Twenty-one is a reading plan we created with the hope that it will help you connect with God and prepare your heart for Easter. We’re glad you’ve opted to join us on this journey and look forward to celebrating Easter with you!
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When Jesus was alive, I wonder if his disciples took notes.
Was somebody writing down all the stuff that happened along the way? I don’t think they were because they never expected him to die on a cross. They planned on him being around as long as they were. There had been death threats, but he always escaped. He could heal blind people and make food appear out of nowhere and walk on water and turn water into really good wine. He was untouchable. There was nothing to worry about. So, no, I don’t think they wrote things down.
And yet somehow in the Gospels of Matthew, Mark, Luke, and John, we find very detailed accounts of important conversations, stories, and moments they shared with him.
One such conversation is found in John 16.
The disciples were a few years into serving as his closest followers. Impressive miracles had taken place. They had seen him do fantastic things and they were likely expecting more. Circumstances were good. Their hearts were likely at peace when he dropped a bombshell on them. He told them he was going to be leaving and they would be scattered, possibly killed, and definitely would be full of grief for a time over his demise. Their world was about to be ripped apart. Then look what he told them at the end of the conversation:
““I have told you these things, so that in me you may have peace.””
— JOHN 16:33
Huh? You told us you were leaving, we would miss you, we might be killed and scattered and hated . . . and you told us this so that we would have peace? How does that work? He went on:
““In this world you will have trouble. But take heart! I have overcome the world.””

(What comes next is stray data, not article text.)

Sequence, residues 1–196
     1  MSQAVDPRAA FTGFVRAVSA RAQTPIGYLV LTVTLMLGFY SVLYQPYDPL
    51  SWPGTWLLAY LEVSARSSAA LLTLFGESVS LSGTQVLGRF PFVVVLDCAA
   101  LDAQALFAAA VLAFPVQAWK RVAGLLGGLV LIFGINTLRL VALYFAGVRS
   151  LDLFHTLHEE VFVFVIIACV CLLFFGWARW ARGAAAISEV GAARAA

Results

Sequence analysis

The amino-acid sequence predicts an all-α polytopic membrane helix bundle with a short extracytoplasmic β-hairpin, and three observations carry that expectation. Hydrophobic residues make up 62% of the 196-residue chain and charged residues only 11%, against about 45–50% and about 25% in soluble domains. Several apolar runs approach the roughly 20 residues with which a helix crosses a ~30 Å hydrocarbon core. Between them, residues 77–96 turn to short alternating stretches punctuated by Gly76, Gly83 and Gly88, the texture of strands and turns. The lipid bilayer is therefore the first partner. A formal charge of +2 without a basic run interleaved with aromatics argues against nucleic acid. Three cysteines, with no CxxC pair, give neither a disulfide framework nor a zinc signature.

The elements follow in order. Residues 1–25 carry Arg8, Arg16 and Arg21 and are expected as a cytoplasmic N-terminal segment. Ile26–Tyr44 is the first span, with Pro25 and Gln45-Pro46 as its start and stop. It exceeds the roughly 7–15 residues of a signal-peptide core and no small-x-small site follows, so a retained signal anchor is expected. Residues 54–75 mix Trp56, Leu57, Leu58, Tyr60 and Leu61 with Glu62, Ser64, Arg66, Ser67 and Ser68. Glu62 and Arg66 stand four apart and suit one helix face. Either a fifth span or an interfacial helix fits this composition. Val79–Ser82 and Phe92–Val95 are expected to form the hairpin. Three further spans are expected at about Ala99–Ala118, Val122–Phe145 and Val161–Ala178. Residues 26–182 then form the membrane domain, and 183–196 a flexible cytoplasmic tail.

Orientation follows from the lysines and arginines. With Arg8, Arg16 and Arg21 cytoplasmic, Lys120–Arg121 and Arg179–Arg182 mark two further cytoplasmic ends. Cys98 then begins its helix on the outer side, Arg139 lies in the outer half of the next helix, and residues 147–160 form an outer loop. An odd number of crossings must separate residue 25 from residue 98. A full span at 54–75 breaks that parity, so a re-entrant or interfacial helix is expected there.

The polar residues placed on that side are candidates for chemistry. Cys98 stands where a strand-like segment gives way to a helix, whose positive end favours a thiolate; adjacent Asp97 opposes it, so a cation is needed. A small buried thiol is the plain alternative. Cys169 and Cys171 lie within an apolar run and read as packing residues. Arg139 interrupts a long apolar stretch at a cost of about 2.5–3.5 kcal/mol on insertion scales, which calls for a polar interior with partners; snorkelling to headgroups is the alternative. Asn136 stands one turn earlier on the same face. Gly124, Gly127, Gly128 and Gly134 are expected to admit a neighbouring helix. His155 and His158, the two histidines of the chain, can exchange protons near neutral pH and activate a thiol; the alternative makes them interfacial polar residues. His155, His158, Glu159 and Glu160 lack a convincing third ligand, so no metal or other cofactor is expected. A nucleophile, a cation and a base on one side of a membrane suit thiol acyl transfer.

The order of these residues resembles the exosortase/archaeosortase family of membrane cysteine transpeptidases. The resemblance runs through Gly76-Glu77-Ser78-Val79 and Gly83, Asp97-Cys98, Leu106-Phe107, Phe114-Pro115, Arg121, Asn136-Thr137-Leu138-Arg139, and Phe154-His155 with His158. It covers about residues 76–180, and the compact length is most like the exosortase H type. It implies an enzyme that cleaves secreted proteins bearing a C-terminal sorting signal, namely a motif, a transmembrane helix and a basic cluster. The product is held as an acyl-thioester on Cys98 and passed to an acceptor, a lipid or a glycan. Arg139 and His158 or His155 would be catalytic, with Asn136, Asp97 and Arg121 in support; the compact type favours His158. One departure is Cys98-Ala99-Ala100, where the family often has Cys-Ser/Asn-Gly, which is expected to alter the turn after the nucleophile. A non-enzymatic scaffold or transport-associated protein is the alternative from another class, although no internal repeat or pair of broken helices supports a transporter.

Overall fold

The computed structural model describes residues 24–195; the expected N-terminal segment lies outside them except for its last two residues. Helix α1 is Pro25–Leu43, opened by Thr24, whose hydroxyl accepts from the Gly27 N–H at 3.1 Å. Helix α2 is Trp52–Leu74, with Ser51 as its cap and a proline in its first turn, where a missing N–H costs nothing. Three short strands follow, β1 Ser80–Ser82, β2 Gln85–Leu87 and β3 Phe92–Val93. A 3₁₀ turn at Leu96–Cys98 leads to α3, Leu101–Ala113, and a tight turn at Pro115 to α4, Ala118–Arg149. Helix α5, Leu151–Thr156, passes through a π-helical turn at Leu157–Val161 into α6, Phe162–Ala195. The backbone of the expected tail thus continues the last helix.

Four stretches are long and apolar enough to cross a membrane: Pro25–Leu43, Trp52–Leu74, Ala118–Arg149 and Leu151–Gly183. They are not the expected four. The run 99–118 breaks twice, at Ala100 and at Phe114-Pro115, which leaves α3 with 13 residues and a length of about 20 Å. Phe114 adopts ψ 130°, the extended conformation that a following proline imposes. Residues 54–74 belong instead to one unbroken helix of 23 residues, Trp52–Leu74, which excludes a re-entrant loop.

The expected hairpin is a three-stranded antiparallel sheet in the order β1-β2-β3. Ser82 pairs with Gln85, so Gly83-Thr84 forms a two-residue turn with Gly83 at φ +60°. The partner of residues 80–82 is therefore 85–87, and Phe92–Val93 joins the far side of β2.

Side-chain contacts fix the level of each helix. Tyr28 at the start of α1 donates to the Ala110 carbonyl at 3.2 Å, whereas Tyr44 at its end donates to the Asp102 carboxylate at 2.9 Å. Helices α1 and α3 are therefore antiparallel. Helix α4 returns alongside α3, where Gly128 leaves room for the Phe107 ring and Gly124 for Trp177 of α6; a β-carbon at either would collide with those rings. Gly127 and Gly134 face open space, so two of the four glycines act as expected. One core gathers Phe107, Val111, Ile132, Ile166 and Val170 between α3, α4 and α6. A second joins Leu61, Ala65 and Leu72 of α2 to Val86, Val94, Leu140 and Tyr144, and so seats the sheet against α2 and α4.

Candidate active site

— JOHN 16:33
I love this about Jesus.
He told them the truth about life . . .
It’s not easy.
Circumstances will get rough.
Politicians and people will argue.
Race relations will be challenging.
You will disagree with one another.
Your hearts will be broken.
The behaviors of your teenaged children will cause you stress, marriage won’t be easy, growing your character will be rough—life isn’t easy or fair or comfortable all the time.
In THIS world you WILL have trouble. BUT in a world full of trouble, there is a way to have peace.
And the path to peace is not paved with pretty circumstances.
The path to peace is paved by his victory. He defeated all enemies of peace.
In this conversation, he told them he was going away and they would not see him . . . but then after a bit, they would see him again. And when they saw him again, their peace would be solidified because they would know for sure that he had overcome the world. They were going to watch him die. Then they would see him alive again. That is how they would know that he was the boss of all the trouble, which meant they didn’t need to worry about the trouble because they knew trouble’s boss. They just had to hang with the boss. Know the boss.
We all face trouble, and if you are faced with a lack of peace as you experience the trouble, don’t focus on the trouble. Get to know the boss. He’s the source of peace, because he’s not worried about things he already knows he has overcome. He is your source. Don’t let trouble fool you into thinking you can’t live in perfect peace. You can.